By making Jesus the genetic equal to the First Adam, God equipped His Son to be the Redeemer of mankind. It was Jesus, however, who had to choose to obey the Written Revelation of his Father, and he did. God then kept His Word and raised His Son from the grave. How can we ever adequately thank God our Father and our Lord Jesus Christ for what they have done for us? Certainly, one way we can thank them is to pour out our lives in service to them day by day.
If you are a Christian, God and His Son have equipped you to walk the path of righteousness that Jesus Christ blazed. Via the gift of holy spirit, you have the divine nature of God. You can do the works that Jesus did, and greater works. As you do, know that you will be richly rewarded for these works at his appearing, after which you will live forever with him and all God’s people in Paradise. All of this, and its unfathomable yet-to-be-made-known blessings, was made possible by one man, The Man who “…became obedient to death—even death on a cross!”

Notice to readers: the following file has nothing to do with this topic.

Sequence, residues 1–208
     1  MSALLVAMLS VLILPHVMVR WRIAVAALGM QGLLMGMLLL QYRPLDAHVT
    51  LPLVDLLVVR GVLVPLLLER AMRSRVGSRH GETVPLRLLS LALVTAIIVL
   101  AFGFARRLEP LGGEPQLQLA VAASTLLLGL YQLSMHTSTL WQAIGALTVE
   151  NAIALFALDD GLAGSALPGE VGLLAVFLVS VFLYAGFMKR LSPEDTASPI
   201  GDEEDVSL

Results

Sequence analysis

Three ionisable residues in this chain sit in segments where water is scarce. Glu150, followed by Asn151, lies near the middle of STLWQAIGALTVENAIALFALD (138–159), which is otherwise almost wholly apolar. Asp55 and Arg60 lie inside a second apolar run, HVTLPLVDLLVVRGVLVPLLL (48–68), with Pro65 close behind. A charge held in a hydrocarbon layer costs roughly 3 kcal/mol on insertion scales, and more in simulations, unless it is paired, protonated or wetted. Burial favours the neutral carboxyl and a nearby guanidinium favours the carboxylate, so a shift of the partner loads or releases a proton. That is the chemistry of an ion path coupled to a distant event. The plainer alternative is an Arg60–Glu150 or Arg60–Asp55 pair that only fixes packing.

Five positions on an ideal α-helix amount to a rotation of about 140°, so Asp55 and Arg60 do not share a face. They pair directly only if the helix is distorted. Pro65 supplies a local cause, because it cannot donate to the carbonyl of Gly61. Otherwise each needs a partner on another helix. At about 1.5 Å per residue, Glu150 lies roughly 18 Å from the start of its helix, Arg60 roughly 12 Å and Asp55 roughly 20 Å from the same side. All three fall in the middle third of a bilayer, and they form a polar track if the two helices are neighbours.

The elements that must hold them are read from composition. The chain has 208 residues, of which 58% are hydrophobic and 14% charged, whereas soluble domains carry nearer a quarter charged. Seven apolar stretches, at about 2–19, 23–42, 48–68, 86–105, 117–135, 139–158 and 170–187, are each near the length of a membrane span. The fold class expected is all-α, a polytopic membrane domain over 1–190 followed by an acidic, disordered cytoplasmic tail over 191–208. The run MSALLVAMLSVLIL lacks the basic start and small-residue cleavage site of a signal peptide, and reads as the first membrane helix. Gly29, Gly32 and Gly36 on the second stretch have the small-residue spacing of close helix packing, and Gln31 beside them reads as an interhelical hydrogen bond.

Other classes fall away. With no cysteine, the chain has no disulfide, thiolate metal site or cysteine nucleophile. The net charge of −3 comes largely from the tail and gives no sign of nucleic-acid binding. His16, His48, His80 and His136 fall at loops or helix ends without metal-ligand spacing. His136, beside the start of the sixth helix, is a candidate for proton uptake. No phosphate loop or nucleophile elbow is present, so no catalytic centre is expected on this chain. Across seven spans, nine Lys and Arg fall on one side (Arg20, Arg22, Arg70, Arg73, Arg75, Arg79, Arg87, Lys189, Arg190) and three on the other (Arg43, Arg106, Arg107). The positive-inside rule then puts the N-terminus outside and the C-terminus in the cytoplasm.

(9) Therefore God exalted him to the highest place and gave him the name that is above every name,
(10) that at the name of Jesus every knee should bow, in heaven and on earth and under the earth,
(11) and every tongue confess that Jesus Christ is Lord, to the glory of God the Father.
When the testimony of Scripture is so profoundly clear about the identity of Jesus Christ, we must now examine how it became so radically altered in the historical development of orthodox Christian doctrine. How is it that the vast majority of Christians have believed something fundamentally unbiblical and unintelligible, and which effectively diminishes the accomplishments of the one they sincerely meant to exalt?